Focus Groups on Macintosh Experience
Creative Development Exploration Management Presentation,"
presentation by Lou Weiss, American Marketing Services, 8 April
Location: Chris Espinosa Papers, Stanford University Library.
- To provide input for creative efforts in development advertising
- To investigate the reaction of consumers to hands-on experience
- To determine the most salient appeals and benefits of Macintosh,
both emotional and intellectual.
- To identify the concerns and problems with Macintosh.
- To examine the impact and implications of product pricing.
- To examine the impact and implications of the manufacturer's
association with the product.
- To investigate the acceptance of Macintosh across various
levels of computer sophistication and user applications.
- A total of 12 focus groups were conducted, 4 each in 3 markets.
- Atlanta, Denver, and Chicago
- Early stage shoppers
- Former shoppers/middle stage shoppers
- Advanced stage shoppers
- Respondents were:
- Security screened
- Kept in dark
- Experience (intellectual and emotional)
Because of the number of topics covered and the desired depth
of coverage of some of the these topics, not all topics were discussed
with all groups.
The experience of Macintosh
- There is definitely Mac magic--an emotional/intellectual
reaction to the Macintosh experience
- The Macintosh experience is greatly enhanced with hands on
use and exposure to relevant applications.
- Even with Macintosh, people need to be shown applications
specific to their needs before they will consider a purchase.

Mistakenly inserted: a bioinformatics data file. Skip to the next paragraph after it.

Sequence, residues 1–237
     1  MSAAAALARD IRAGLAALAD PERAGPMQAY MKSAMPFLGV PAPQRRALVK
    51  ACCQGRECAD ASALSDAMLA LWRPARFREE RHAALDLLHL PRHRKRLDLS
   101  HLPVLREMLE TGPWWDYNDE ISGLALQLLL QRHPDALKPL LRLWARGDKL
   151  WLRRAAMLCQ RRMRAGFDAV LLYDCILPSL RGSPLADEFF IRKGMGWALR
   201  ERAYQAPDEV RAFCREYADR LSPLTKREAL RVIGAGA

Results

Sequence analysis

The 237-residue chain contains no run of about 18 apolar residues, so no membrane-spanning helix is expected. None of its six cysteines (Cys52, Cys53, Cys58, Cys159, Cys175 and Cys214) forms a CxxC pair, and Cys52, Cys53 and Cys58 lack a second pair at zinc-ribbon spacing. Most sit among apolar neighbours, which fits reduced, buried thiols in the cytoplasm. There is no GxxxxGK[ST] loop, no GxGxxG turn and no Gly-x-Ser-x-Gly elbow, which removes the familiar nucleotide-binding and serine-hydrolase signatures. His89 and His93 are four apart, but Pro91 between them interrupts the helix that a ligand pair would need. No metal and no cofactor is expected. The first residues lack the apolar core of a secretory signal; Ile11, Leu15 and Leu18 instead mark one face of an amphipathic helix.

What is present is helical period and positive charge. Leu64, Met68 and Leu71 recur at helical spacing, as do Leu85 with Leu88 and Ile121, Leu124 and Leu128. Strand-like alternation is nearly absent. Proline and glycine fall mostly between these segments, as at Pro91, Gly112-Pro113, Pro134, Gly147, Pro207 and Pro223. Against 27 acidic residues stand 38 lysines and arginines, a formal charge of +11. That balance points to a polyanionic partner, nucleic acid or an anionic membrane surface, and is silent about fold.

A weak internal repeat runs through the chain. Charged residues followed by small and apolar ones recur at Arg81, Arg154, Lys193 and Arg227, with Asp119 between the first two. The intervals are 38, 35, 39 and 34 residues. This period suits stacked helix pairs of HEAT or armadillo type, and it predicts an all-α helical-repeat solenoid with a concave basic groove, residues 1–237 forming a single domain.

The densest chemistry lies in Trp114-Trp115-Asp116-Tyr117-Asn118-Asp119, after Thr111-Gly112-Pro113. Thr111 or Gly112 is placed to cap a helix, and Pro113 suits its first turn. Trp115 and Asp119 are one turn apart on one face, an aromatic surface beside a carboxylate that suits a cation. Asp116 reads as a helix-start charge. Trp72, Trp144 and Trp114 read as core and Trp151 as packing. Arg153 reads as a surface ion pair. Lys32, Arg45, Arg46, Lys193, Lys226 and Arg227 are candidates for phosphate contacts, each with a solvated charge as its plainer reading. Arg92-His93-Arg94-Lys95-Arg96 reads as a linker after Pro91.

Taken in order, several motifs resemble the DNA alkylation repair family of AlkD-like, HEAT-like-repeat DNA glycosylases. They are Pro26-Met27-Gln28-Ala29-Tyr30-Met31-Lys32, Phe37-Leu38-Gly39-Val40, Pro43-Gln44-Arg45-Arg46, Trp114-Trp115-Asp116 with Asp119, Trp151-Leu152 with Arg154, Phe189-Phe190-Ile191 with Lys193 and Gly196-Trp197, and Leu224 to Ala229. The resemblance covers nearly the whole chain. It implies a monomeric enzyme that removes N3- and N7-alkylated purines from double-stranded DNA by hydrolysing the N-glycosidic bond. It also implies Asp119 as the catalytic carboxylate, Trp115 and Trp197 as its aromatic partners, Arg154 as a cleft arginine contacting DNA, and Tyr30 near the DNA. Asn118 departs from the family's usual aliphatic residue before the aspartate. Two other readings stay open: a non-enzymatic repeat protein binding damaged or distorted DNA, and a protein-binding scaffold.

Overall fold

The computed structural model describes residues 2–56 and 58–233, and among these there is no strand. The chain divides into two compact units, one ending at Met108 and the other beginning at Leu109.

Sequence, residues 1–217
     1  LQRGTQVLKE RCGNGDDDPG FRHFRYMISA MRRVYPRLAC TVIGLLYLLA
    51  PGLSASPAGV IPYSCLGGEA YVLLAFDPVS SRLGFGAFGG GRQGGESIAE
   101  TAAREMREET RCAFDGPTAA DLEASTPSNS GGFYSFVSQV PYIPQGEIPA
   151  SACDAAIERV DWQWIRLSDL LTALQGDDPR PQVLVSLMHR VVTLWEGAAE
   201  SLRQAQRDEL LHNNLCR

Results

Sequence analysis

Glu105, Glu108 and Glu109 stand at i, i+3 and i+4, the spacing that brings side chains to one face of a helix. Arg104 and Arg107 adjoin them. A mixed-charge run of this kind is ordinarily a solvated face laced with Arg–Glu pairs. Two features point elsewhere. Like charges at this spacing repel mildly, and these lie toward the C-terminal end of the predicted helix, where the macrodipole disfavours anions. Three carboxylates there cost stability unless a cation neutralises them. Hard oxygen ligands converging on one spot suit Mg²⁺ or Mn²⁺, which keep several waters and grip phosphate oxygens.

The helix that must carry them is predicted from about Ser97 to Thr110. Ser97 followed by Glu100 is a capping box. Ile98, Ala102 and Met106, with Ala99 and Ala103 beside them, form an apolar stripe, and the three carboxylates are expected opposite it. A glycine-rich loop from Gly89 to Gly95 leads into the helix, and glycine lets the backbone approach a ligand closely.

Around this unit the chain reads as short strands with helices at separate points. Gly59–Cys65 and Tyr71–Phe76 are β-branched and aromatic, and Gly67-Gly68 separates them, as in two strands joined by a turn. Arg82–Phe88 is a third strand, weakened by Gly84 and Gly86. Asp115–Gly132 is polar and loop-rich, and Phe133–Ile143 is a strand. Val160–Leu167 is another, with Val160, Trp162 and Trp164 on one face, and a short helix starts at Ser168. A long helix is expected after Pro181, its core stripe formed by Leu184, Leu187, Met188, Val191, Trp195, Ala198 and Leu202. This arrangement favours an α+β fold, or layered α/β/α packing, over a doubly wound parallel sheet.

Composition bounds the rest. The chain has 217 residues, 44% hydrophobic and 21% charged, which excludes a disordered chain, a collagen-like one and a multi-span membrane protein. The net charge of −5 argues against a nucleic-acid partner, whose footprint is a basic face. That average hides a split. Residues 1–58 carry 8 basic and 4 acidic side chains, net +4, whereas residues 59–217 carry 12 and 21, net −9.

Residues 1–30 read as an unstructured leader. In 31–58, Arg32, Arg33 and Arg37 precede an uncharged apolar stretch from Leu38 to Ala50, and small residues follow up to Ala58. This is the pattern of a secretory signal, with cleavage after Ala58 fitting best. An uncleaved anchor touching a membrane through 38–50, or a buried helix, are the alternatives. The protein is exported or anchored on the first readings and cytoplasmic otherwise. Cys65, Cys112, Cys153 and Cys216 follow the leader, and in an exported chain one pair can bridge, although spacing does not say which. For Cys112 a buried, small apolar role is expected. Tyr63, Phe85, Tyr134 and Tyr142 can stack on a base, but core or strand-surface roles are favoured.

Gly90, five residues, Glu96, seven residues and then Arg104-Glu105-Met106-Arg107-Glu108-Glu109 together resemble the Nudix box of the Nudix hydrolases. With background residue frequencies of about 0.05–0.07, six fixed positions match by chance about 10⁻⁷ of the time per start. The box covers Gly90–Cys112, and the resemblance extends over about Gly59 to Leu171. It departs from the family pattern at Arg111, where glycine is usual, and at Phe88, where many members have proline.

- The unique Mac advantages of incredibly fast learning and
ease of use are likely to be the elements that will clinch the
- The integration of software is a major hot button. Sophisticated
shoppers will readily recognize this advantage. Less sophisticated
shoppers should be sold on this salient advantage.
- Specific Appeals/Benefits
- Simplicity Value
- Ease of use
- Increase of productivity
- Elimination of fear and intimidation
- Versatile Utilization
- Ease of learning/speed of learning
- Integration of software
- Versatile capability
- Advanced technology/anti-obsolescence
- The availability of information access provided by Mac to
non-dedicated computer users could prove to be very attractive
to management/executive (Mac power).
- Fear of obsolescence is almost an obsession among computer
shoppers. Macintosh is seen as the latest technological advancement.
Emphasizing this point in communicating Macintosh can dramatically
lessen this fear.
- The best way to communicate to the entire Macintosh target
market is in results oriented, non-technical English.
- Language should focus on benefits and end use applications
(instead of functions).
- The individual sales communication should emphasize Mac's
ability to satisfy individual needs and how Mac can satisfy these
- Back can communicate a toy-like image. Therefore, care must
be taken to use simplicity to our advantage without crossing
over the "toy threshold."
- There is clearly a positive fun characteristic associated
with Macintosh. However, there is a serious risk factor associated